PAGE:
Bromelain is an enzymatic compound found in the core of pineapples. Apart being very useful for digestive disorders, studies showed that it promotes the absorption of quercetin and aids the de-congestion of the upper respiratory tract (18). Most good quality supplements already combine bromelain with quercetin for optimal absorption.

Hay fever protocols


· Probiotics (2-10 billions, 6+ strains once a day)

· Reishi mushroom capsules/powder/tincture (1g/5ml twice a day)

· Nettle tea (at least 2 cups a day with 1tbsp of dry herbs per cup)

· Quercetin (400mg once a day)

· Bromelain (usually found in complex with quercetin)

Supplement brands: Terranova quercetin/nettle/bromelain complex, Biokult Advanced multi strain formulation, Indigo herbs organic reishi mushroom powder (you can also purchase a tincture/powder/dried herb from your local herbalist)


· Nettle/chamomile/elderflower/plantain tea (1tbsp per cup; drink at least 2 cups for better results).


1) Kendall, D. (2009). FASTtrack Pharmacology. [online] p.Chapter 23-Hayfever. Available at:

2) Murnaghan, I. (2019). Grass Pollen. The Hayfever Expert. Available at: [Accessed 5 May 2020].

3) Edge, S. (2013). Overview: Hay Fever Causes. The Hayfever expert. Available at: [Accessed 5 May 2020].

4) Encyclopedia Britannica. (2015). Histamine. [online] Available at:

5) (2020). Hay fever symptoms and treatments. [online] Available at: [Accessed 5 May 2020].

6) McManus, L. (2020). Managing your asthma and your allergic rhinitis throughout the season. Allergy UK. Available at:

7) Culpeper, N. (1995). Complete Herbal. Wordsworth Editions, p.Nettle.

8) Roschek, B., Fink, R.C., McMichael, M. and Alberte, R.S. (2009). Nettle extract (Urtica dioica) affects key receptors and enzymes associated with allergic rhinitis. Phytotherapy Research, 23(7), pp.920–926.

9) Mittman, P. (1990). Randomized, Double-Blind Study of Freeze-DriedUrtica dioicain the Treatment of Allergic Rhinitis. Planta Medica, 56(01), pp.44–47.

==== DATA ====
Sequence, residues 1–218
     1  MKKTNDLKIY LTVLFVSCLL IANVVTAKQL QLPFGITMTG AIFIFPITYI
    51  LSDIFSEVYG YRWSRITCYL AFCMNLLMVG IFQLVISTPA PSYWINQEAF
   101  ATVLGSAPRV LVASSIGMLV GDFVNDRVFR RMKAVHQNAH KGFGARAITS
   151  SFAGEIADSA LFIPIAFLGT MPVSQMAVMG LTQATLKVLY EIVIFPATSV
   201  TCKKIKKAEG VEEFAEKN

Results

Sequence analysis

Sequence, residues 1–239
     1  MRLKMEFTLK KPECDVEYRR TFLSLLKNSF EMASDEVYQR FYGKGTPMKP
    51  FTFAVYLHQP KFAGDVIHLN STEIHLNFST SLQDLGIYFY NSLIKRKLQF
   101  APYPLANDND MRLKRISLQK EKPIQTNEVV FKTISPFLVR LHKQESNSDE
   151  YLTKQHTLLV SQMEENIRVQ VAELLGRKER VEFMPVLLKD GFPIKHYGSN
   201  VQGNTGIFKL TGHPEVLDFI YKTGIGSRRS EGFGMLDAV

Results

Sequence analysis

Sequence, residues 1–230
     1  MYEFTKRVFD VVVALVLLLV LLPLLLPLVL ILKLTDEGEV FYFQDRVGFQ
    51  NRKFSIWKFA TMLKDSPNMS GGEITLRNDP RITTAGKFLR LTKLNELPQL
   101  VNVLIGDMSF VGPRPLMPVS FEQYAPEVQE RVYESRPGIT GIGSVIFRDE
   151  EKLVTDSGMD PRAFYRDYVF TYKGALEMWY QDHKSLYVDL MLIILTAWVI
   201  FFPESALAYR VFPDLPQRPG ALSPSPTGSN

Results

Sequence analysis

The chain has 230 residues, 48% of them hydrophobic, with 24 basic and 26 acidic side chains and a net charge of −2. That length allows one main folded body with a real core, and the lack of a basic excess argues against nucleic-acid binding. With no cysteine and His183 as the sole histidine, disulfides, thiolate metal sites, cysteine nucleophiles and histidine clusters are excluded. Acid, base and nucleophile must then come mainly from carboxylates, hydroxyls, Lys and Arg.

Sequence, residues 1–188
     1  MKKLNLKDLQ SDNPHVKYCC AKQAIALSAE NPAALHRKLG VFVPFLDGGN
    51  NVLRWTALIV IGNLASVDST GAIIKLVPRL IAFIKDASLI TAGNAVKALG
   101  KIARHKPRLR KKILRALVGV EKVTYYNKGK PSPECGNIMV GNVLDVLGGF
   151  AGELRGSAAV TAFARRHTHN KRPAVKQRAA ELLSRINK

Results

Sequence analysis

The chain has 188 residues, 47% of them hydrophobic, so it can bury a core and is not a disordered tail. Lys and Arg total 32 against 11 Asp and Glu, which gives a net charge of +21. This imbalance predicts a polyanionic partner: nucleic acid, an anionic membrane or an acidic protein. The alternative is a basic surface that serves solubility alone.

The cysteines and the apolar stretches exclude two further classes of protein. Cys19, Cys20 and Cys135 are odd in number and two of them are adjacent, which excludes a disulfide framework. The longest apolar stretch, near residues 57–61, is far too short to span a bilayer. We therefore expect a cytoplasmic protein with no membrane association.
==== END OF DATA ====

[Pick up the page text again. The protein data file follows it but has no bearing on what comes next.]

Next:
10) Powell, M. (2014). Medicinal Mushrooms - A Clinical Guide. 2nd ed. Methyr Tydfil: mycology press

11) Tasaka, K., Mio, M., Izushi, K., Akagi, M. and Makino, T. (1988). Anti-allergic constituents in the culture medium ofGanoderma lucidum. (II) The inhibitory effect of cyclooctasulfur on histamine release. Agents and Actions, 23(3–4), pp.157–160.

12) Horne, S. and Easley, T. (2016). The Modern Herbal Dispensatory. Berkeley, CA: North Atlantic Boks.

13) Muchchandi, I.S. (2011). Anti-allergic activity of German chamomile (Matricaria recutita L.) in mast cell mediated allergy model. Journal of Ethnopharmacology, 137(1), pp.336–340.

14) Belkaid, Y. and Hand, T.W. (2014). Role of the Microbiota in Immunity and Inflammation. Cell, [online] 157(1), pp.121–141. Available at: [Accessed 23 Apr. 2019].

15) Zimmermann, P., Messina, N., Mohn, W.W., Finlay, B.B. and Curtis, N. (2019). Association between the intestinal microbiota and allergic sensitization, eczema, and asthma: A systematic review. Journal of Allergy and Clinical Immunology, 143(2), pp.467–485.

16) Mlcek, J., Jurikova, T., Skrovankova, S. and Sochor, J. (2016). Quercetin and Its Anti-Allergic Immune Response. Molecules, [online] 21(5), p.623. Available at: [Accessed 15 Jul. 2019].

17) Hagenlocher, Y. and Lorentz, A. (2015). Immunomodulation of mast cells by nutrients. Molecular Immunology, 63(1), pp.25–31.

18) Hopp, R. (1999). Modulation of Airway Inflammation by CpG Oligodeoxynucleotides ina Murine Model of Asthma. PEDIATRICS, 104(2), pp.373–374.